Air pollution is usually associated with smog, ozone, or haze hanging in the air, mainly during the hot summer days. Yet, the inside of homes can in fact be just as polluted as the outside air. Over the recent years, indoor air pollution has become a serious issue. The number and diversity of indoor allergens and irritants has increased and grown more dangerous as people spend more time indoors. So what are the types of indoor air pollution that you should expect lurking in your home?
Dust is really a deadly combination and the main source of pollution indoors. It is like a cocktail of all the bad things you don’t want to take in. Over the years, household dust accumulates incredible amounts of allergens and chemicals. Indoor air pollution is mainly caused by household dust that can contain anything from skin cells from family members to fur and skin cells from pets, kitchen grease, carpet fibers, bacteria, dust mites, fungi, and household chemicals. As if that isn’t enough, dust also contains traces of soil, which is tracked into the home or enters in through windows and doors. However, it’s the debris from dust mites that lies behind the many powerful allergic reactions that you may have.
Another source of indoor air pollution is pet dander, which has become a common allergen over the recent years. Many people mistakenly believe that pet dander is not an issue as long as they don’t have pets themselves. The fact is that pet owners carry pet dander everywhere they go, shedding it in different places throughout the day. It is just impossible to get away from pet dander. In addition to pet dander and dust, another risk of indoor air pollution comes from volatile chemicals. These volatile chemicals may come from many sources including cleaning products, deodorants, perfumes, hair spray, paint, solvents, etc.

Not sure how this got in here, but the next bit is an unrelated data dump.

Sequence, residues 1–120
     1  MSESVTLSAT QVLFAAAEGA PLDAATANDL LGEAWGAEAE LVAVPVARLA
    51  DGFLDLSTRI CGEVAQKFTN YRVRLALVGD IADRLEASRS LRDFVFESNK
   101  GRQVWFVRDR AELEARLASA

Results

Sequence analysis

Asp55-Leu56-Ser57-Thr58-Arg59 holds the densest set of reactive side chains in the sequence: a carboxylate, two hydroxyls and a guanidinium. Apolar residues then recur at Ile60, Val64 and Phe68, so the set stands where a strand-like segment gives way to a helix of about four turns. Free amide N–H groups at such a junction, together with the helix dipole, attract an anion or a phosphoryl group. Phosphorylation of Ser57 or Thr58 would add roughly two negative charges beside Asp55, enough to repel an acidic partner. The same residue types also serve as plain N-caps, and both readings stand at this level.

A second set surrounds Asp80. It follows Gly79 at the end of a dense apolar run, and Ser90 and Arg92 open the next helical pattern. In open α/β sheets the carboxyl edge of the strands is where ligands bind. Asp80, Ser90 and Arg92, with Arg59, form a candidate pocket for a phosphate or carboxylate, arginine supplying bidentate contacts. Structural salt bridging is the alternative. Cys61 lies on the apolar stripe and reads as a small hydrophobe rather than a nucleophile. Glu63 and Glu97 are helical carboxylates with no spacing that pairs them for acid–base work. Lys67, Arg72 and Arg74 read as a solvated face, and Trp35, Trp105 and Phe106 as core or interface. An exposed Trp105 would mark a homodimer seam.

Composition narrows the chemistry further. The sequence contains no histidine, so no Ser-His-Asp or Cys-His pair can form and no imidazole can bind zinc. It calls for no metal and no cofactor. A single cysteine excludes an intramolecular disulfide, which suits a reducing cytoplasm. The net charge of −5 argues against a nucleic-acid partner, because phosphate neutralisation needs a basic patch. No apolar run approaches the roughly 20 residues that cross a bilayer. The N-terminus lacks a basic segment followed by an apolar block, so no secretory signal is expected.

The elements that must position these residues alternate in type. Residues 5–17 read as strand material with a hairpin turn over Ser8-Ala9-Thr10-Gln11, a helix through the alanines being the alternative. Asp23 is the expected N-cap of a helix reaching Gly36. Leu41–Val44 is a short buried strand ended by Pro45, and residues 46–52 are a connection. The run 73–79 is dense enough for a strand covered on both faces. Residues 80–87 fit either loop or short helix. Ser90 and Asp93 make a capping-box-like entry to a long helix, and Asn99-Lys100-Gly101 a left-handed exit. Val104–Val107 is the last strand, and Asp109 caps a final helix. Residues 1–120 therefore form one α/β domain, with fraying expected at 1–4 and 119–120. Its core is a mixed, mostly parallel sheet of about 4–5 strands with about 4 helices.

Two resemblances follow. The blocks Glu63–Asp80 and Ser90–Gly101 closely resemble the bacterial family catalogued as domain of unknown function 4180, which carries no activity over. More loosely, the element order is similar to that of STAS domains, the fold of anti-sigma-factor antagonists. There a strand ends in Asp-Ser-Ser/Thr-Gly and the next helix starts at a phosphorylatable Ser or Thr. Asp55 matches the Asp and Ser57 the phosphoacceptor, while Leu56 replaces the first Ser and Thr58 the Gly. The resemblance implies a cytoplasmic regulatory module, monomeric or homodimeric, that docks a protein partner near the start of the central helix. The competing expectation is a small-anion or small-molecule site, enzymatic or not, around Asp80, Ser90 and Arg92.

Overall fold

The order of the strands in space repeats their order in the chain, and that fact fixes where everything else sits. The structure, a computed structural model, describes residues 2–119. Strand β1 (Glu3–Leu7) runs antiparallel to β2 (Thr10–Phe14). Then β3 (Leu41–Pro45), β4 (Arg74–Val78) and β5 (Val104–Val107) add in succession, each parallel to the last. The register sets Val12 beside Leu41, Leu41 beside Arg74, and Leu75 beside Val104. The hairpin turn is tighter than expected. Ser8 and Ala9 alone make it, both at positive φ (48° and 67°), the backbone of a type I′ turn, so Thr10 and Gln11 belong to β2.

Fire retardants or flame retardants are chemicals used to inhibit the spread of fire. They are found in thermoplastics, textiles, and coatings. Radon is also a recognized worldwide health risk with most radon-induced lung cancers occurring from low to medium dose exposures in your very own home. Radon is now considered the second most important cause of lung cancer after smoking. Within this context, indoor air pollution becomes a serious matter of concern for most homeowners who start considering ways to maintain air quality and keep pollutants away from their family.
While some pollutants are tracked into the home, others arrive via new carpet cleaners, a new furniture piece, or perhaps a new coat of paint. The fact is that indoor air pollution should not be ignored under any circumstances. Although you can’t see the damage right away, indoor air pollution does exist and the long term effects are not to be taken lightly.